Impressions from the European Geophysical Union conference 2008

Vienna Last week, the European Geophysical Union held its annual general assembly, with thousands of geophysicists converging on the city of Vienna, Austria. It was time to take the pulse of the geophysical community.

When registering at the conference, we got a packet called ‘Planet Earth; Directions for Use’. As far as I know, this is a new feature apparently offered by the EGU. The box says ‘EGU cares…’ and it contains 4 sheets: Biosphere, Hydrosphere, Litho- and Pedosphere, and the Atmosphere. The Biosphere sheet is concerned about the biodiversity, the hydropshere discusses water shortage and loss of marshland issues, the litho- & pedosphere mentions the fact that fossil fuels are finite and soil erosion, and the atmosphere discusses AGW.

Of course this is a gimmick, and perhaps it is even aimed at the wrong target group. These issues are more or less taken as given by the majority of the EGU community by now, it seems. It’s more pressing, however, that the rest of the world population understand the problems.

Actually, it was refreshing arriving at the harbor of sanity in the EGU meeting, after the the insane climate-change debate circus in Norway at the moment – lead by a number of academics who start to look more and more like crack pots, and a right-wing populist political party taking after Inhofe.

Vienna conference centerWhat were the highlights? It’s impossible to cover everything, and I only sampled some talks which are most relevant to my own work. But one important talk was about setting the global climate models’ initial state (ocean) to describe the current climate. The intention was to capture subsequent slow natural variations (decadal variation) associated with the thermohaline circulation (THC, not to be confused with other meanings according to a recent article in Eos: VOLUME 89 NUMBER 11 11 March 2008).

Apparently, if the global climate model is initialized with the current state, then the global mean temperature may not rise much over the next decade or so, and then suddenly bounce up and converge with the current scenarios. But some critiques argue that forcing models to have a prescribed state, will trow them off balance, and that the model will try to recover its balance for the next few model years.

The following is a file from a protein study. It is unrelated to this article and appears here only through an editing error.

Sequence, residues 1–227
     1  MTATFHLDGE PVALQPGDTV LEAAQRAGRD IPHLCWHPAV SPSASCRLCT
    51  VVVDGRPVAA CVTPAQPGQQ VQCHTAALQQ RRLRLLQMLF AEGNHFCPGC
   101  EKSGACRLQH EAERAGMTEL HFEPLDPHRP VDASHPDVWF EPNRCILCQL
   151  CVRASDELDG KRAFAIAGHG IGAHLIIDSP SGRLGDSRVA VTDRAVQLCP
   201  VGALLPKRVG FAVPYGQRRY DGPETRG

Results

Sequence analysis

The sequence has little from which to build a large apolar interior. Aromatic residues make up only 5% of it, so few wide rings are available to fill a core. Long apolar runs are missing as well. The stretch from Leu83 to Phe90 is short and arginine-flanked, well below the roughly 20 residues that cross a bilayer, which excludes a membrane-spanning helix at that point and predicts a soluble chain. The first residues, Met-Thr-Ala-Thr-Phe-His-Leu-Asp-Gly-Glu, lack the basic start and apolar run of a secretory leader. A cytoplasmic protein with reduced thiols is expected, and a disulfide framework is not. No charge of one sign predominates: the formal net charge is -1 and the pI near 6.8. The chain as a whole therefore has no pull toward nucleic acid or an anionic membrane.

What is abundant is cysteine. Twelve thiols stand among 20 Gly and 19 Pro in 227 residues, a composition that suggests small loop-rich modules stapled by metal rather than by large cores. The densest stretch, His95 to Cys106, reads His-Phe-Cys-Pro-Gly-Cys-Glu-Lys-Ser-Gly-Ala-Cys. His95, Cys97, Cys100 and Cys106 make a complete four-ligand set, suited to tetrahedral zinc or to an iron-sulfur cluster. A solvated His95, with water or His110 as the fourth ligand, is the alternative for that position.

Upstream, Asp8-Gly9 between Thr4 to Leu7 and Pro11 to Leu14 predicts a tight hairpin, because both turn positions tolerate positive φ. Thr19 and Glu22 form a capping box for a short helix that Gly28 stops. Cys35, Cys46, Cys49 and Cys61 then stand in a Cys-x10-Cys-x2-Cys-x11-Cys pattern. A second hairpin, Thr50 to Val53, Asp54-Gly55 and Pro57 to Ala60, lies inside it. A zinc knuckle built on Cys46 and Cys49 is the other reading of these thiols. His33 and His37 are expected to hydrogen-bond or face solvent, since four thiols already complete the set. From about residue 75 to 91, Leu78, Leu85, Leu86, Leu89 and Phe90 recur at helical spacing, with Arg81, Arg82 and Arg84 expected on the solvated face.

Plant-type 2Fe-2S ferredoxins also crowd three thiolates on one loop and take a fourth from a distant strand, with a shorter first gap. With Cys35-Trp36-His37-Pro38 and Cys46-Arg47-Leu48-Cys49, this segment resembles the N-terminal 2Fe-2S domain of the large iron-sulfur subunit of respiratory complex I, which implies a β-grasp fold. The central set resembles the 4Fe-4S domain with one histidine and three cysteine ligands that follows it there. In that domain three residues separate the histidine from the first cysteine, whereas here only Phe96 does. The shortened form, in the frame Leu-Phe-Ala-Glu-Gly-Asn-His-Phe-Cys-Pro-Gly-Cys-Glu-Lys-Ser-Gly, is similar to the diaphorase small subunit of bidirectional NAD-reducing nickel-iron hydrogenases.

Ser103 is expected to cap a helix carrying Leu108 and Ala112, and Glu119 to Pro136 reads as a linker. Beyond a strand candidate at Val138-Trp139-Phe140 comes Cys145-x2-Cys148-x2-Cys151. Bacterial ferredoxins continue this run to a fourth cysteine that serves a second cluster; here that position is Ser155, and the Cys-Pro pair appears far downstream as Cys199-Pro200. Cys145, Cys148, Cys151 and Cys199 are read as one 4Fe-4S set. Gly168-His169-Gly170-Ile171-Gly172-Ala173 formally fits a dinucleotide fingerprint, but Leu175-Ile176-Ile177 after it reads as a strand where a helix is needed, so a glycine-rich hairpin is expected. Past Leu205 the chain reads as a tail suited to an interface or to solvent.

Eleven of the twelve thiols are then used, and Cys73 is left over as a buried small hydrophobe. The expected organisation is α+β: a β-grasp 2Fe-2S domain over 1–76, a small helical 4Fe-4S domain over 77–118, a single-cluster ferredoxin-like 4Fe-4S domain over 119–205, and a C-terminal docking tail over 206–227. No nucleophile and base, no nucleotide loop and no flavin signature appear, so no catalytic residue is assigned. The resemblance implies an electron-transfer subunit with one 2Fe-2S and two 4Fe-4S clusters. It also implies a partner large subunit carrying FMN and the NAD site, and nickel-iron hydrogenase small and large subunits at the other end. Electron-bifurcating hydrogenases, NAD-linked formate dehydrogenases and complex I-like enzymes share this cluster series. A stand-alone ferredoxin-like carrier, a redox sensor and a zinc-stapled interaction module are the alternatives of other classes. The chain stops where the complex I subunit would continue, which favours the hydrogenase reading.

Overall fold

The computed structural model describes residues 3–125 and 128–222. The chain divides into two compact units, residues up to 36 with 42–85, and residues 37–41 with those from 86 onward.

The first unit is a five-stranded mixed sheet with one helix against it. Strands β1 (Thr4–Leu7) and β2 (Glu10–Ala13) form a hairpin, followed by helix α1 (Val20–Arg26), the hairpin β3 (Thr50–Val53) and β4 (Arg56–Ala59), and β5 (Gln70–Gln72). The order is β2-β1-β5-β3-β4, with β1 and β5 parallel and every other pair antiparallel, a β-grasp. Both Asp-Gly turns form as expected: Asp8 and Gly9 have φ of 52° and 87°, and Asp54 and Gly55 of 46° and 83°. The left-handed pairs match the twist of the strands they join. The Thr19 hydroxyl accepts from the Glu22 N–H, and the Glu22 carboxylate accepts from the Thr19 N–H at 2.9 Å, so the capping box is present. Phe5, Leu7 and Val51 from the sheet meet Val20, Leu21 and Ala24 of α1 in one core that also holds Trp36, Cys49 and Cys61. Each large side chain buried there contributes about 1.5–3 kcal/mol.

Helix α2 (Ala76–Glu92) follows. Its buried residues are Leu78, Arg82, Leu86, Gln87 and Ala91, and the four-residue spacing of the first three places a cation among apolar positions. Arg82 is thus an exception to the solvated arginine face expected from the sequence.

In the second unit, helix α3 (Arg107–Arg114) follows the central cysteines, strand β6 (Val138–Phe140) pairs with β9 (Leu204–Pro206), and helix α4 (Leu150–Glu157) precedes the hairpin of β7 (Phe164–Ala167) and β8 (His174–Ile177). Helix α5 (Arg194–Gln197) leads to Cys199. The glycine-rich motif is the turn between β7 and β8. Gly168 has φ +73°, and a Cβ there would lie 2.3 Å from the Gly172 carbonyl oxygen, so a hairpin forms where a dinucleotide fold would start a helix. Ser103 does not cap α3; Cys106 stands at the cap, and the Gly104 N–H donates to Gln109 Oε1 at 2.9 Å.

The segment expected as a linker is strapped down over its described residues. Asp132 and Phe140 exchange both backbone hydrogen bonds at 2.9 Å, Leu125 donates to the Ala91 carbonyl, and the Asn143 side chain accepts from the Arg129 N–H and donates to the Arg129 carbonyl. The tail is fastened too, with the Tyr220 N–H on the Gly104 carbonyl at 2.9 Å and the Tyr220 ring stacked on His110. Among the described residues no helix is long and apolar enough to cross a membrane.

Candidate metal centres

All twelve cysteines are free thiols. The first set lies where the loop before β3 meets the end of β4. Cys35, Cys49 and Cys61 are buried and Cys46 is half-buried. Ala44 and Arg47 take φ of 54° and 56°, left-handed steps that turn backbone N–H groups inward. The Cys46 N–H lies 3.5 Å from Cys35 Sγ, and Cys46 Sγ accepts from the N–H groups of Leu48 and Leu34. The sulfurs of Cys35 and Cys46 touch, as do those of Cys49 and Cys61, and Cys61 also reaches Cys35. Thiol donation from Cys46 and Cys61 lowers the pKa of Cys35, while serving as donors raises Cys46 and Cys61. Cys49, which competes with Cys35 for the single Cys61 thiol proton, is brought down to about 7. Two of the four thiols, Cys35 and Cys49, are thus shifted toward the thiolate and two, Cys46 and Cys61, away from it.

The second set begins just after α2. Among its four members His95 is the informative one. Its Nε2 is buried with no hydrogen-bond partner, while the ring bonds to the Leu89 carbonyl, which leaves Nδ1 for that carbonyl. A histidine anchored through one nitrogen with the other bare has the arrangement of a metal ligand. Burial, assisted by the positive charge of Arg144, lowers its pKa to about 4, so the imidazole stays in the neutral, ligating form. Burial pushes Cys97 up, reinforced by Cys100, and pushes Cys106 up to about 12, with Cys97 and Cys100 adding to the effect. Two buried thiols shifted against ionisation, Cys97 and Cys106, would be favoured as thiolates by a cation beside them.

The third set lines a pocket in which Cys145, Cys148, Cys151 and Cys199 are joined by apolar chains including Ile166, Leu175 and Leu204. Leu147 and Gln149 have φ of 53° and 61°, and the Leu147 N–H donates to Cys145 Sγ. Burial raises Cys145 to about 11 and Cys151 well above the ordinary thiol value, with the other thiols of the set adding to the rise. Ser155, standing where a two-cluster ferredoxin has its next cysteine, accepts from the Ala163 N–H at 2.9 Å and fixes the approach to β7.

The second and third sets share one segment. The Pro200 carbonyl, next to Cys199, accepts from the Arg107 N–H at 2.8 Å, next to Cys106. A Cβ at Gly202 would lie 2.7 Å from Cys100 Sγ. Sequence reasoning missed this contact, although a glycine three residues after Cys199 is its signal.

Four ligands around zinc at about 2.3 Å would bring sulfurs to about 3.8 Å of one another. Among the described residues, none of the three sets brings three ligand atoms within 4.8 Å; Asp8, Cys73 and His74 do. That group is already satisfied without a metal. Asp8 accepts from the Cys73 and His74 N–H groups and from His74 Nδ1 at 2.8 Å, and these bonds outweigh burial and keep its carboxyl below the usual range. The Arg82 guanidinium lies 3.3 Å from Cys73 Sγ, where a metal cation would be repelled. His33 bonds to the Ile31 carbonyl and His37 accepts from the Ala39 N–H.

Another presentation discussed the possibility for slow climatic variations to be predicted 10 years in advance (potential decadal predictability), and concluded that there is a potential for over the North Atlantic regions – associated with the THC. But an increasing AGW may destroy this possibility, as the predictability reduces when the world gets warmer.

There are some interesting and newish data coming of age: radio occultation. This involves measuring the bending of GPS signal through the atmospheric limb, as measured between different satellites. The atmospheric temperature and humidity affect radio signals refractive index. But there is only short data series (~10 years), but so far the temperature trends are consistent with the models for similar intervals. But these are independent to the satellite MSU data, and do not suffer in the same way from differences between satellite instruments, etc.

My personal favourite this time was a talk on ‘recurrence based transition analysis’. The presentation was subtly slick and so nicely executed that it can only be done on a Mac. The talk was very clear, no excess number of words, and to the point.

There were many good talks, but some common mistakes. Well, at least I’m a bit slow when having attended a few dozen presentations, so presenters speaking fast or too crowded Powerpoint slides risk losing me. There is supposed to be a golden rule called ‘Seven by seven’: no more than seven bullet points, consisting of no more than 7 words! And one should speak slowly and repeat the important points.

So what did people talk about? What was ‘The buzz-word’? There was no obvious paradigm shift, and I didn’t catch one single theme that was the vogue of the day, but there were some issues that kept popping up: decadal predictability, cryosphere and the polar regions, model ensembles and probabilities, regional modelling and extremes.

What I find striking with such monster conferences is the sheer scale of diversity in terms of geo-subjects that people study. There were rows upon rows of posters in several large rooms, in addition to the talks.

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